During that process, we tested out other rigs, other more traditional methods that didn’t work out, and crazy things. We put people in a little mini hovercraft to see if they could look like they were floating. We had strange spinning rigs that supported people around the waist so they could twist and turn in every direction. We tried doing the faces completely CG. We tested out the Light Stage to do moving facial capture of a performance. We tried lots of things, slowly, gradually working our way toward a solution. 
 
How long did you work on the film?
 
It’s hard to say because the definition of when I was working on the film and not has gray areas. I was absolutely flat out with a proper team for three years, and there was talking about it beforehand, so there were bits and pieces earlier. 
 
It took a while before casting was sorted, which delayed shooting a bit. Post-production was a year and a bit — longer than most films, but not massively longer. Pre-production was longer, and we were involved longer with that than with most films.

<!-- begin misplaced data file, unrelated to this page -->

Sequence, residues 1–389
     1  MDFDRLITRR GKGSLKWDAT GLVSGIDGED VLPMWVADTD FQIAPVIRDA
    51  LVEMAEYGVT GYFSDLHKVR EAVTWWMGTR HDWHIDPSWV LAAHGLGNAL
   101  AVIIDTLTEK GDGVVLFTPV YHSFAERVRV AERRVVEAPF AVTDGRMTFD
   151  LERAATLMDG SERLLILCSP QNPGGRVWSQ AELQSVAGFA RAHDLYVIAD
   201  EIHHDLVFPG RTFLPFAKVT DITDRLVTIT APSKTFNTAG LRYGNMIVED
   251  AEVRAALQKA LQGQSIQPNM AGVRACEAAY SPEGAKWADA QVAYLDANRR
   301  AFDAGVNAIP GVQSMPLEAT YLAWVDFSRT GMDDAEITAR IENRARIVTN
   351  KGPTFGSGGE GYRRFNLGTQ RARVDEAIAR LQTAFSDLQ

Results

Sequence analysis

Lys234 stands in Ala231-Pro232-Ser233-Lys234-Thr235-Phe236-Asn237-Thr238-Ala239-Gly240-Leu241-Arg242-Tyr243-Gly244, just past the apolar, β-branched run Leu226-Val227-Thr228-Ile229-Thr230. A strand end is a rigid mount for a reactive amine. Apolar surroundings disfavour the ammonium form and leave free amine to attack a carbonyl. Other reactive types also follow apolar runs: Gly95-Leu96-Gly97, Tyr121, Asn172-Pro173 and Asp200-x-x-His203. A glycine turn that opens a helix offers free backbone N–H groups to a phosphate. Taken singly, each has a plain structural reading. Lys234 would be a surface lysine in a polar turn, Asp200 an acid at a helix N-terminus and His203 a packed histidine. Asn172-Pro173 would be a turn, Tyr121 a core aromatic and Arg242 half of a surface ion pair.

Three to four years is like a schedule for an animated feature.
 
It is. And in many ways, this is like an animated film.
 
 
In fact, four Framestore artists received VES nominations for Best Animated Character in a Feature Film — for the astronaut Ryan played by Sandra Bullock (nominated for an Oscar for Best Actress).